peruse
to read through something, especially in order to find the part you are interested in. eg: He opened a newspaper and began to peruse the personal ads.
tentative
(of a plan or idea) not certain or agreed, or (of a suggestion or action) said or done in a careful but uncertain way because you do not know if you are right. eg:I have made tentative plans to take a trip to Seattle in July.
pretty
quite, but not extremely. eg: I've got a pretty good idea of how to get there. The house has four bedrooms, so it's pretty big.
tenure
being the legal owner of land, a job or an official public position, or the period of time during which you own it. eg:Xu's critics claim that during his tenure, the buying and selling of military ranks was widespread in the defense establishment.eg: During his tenure as dean, he had a real influence on the students.
dean
a high-ranking official in a college or university who is responsible for the organization of a department or departments. eg:She is the new dean of the Faculty of Social Sciences.
hysterical
unable to control your feelings or behaviour because you are extremely frightened, angry, excited. eg: Most of the passengers were Chinese. Their families are extremely frustrated with the investigation, accusing Malaysian authorities of lying. Police forcibly carried out hysterical and sobbing relatives from a government briefing on Wednesday.
catastrophic
a sudden event that causes very great trouble or destruction. eg:Investigators are not ruling out anything, including catastrophic mechanical failure or terrorism.
trajectory
the curved path that an object follows after it has been thrown or shot the air. eg:the trajectory of a bullet/missile
landfall
(an arrival on) the first land that is reached or seen at the end of a journey across the sea or through the air. eg:The last known position of a ping was way over the southern Indian Ocean, with no landfall and no long runways, obviously, around it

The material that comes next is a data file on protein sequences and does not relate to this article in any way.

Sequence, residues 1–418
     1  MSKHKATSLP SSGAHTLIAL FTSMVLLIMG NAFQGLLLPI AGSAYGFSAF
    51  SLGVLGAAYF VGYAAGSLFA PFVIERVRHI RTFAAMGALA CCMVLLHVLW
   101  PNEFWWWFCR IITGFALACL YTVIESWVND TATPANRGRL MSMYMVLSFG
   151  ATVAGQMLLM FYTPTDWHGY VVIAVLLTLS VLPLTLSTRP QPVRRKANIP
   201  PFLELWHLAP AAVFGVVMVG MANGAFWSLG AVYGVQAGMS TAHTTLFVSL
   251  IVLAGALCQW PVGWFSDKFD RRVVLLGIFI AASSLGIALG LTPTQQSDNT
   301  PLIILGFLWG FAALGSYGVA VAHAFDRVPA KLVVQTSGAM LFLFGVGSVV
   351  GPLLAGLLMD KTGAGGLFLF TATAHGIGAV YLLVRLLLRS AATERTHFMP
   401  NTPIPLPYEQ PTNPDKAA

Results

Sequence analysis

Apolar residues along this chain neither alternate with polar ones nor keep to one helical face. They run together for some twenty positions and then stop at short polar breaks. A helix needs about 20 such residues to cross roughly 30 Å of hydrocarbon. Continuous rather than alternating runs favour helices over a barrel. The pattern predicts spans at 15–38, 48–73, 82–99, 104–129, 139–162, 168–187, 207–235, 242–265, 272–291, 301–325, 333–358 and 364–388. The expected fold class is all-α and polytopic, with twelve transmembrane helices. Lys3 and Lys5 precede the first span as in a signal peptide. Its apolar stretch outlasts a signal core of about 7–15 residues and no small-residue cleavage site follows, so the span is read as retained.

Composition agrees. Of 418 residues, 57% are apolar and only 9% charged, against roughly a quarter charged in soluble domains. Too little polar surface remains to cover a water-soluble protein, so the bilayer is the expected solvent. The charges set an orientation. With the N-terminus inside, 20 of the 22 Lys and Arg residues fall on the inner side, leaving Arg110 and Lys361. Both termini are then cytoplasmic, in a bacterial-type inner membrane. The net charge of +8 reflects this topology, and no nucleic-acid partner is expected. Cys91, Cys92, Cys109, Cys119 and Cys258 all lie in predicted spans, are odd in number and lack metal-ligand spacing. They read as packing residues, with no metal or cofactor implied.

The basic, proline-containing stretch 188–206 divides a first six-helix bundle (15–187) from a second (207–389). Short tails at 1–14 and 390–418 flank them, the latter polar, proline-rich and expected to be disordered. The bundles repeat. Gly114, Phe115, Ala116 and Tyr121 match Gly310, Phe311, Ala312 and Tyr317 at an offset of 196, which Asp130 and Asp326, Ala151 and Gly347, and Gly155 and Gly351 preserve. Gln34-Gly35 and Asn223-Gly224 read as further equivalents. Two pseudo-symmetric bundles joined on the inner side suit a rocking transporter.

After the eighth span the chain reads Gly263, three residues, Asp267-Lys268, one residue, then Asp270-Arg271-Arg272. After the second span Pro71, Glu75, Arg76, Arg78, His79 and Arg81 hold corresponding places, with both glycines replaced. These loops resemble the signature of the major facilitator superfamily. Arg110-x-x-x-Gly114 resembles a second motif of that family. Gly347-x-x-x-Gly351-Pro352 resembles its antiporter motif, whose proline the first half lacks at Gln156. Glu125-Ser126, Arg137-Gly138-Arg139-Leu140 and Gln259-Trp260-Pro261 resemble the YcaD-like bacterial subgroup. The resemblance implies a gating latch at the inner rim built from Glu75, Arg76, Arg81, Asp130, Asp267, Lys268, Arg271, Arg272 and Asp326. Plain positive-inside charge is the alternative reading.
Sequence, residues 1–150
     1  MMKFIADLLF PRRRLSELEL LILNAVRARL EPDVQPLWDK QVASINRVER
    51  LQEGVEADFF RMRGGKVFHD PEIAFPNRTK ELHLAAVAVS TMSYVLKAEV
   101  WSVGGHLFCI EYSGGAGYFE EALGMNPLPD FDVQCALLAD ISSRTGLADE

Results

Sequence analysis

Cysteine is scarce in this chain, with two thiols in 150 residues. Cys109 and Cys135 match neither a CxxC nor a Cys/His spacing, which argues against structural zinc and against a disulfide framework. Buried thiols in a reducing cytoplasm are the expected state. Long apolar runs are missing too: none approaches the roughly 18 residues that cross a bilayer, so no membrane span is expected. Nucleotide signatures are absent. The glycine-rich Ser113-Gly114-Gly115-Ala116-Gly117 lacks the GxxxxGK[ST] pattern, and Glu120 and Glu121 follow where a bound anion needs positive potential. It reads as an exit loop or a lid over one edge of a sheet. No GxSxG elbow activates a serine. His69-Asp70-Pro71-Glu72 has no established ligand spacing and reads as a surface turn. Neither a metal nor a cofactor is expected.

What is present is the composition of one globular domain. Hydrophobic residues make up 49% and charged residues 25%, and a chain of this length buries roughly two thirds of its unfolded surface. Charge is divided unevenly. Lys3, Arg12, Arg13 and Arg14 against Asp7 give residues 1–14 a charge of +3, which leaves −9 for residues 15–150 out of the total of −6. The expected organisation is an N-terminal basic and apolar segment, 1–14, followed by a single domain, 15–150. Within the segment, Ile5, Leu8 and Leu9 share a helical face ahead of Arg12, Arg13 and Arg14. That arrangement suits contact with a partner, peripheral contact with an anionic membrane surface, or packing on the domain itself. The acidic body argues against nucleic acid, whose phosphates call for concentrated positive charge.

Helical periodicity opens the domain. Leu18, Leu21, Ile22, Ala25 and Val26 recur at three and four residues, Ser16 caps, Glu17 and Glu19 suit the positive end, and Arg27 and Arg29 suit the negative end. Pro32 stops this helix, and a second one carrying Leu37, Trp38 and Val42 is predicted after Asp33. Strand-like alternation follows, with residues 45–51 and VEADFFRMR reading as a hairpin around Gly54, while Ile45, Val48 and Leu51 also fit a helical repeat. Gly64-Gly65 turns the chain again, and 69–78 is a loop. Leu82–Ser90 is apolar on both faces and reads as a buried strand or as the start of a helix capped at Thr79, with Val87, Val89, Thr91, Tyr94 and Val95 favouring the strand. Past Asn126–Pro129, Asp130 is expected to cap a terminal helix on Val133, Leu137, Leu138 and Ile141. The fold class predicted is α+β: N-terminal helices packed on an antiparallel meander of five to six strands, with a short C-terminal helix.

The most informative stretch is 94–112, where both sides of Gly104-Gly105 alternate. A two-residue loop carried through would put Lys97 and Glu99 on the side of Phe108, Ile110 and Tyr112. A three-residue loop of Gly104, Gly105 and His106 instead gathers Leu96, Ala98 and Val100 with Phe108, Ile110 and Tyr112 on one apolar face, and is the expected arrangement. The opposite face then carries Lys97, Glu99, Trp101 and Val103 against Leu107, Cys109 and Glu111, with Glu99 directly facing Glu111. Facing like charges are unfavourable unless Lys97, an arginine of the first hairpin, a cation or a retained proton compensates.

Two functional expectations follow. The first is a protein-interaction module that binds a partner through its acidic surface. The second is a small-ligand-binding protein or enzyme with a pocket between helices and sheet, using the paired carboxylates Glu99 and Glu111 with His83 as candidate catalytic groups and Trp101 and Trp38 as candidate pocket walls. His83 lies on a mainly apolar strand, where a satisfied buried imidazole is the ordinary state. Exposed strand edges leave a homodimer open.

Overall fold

eureka moment
a moment at which a person realizes or solves something. eg:The scientists may have recorded the first snapshots of a Eureka moment.
resigned
accepting that something you do not like will happen because you cannot change it. eg:After learning of Inmarsat's conclusions, Malaysia's prime minister informed relatives of passengers of the data telling of the plane's fate. The announcement seems to indicate that the government is resigned that all aboard have perished.
grieve
to feel or express great sadness, especially when someone dies. eg:A relative of one of the Chinese passengers aboard flight MH370 grieves after being told of the latest news in Beijing, March 24, 2014.
miracle
an unusual and mysterious event that is thought to have been caused by a god, or any very surprising and unexpected event. eg:Most passengers on board were Chinese. For nearly three weeks, the Chinese families of passengers have been hoping for a miracle. eg: can't promise a miracle cure, but I think we can improve things.eg: In Niger, during a trial in 2013, the anti-malaria compounds were made available in remote locations at health facilities, in the homes of village chiefs and in areas where public health workers go door-to-door.

The organization deployed some 2,000 community health care workers to educate families about the benefits of chemoprevention and to encourage them to take their children to a distribution site.

Lasry says MSF chemoprevention campaigns do not use artemisinin-based drugs that are currently the "gold standard" to treat malaria infection.

"We try to use different drugs so that even if we can potentially cause resistance, we are not causing resistance to the most effective drugs we have for treatment," she said.

If they find malaria in any of the children, Lasry says they treat it. But she says there's a shortage of rapid diagnostic tests in Niger, for example, hampering efforts to treat malaria in endemic regions.

While not a "miracle cure," officials say prevention drugs complement other malaria control strategies, including insecticide-treated bed nets.
roller coaster
a situation which changes from one extreme to another, or in which a person's feelings change from one extreme to another.
eg:He was on an emotional roller coaster for a while when he lost his job. eg:After 17 days of riding an emotional roller coaster the grief for many was too much to bear.
paramedic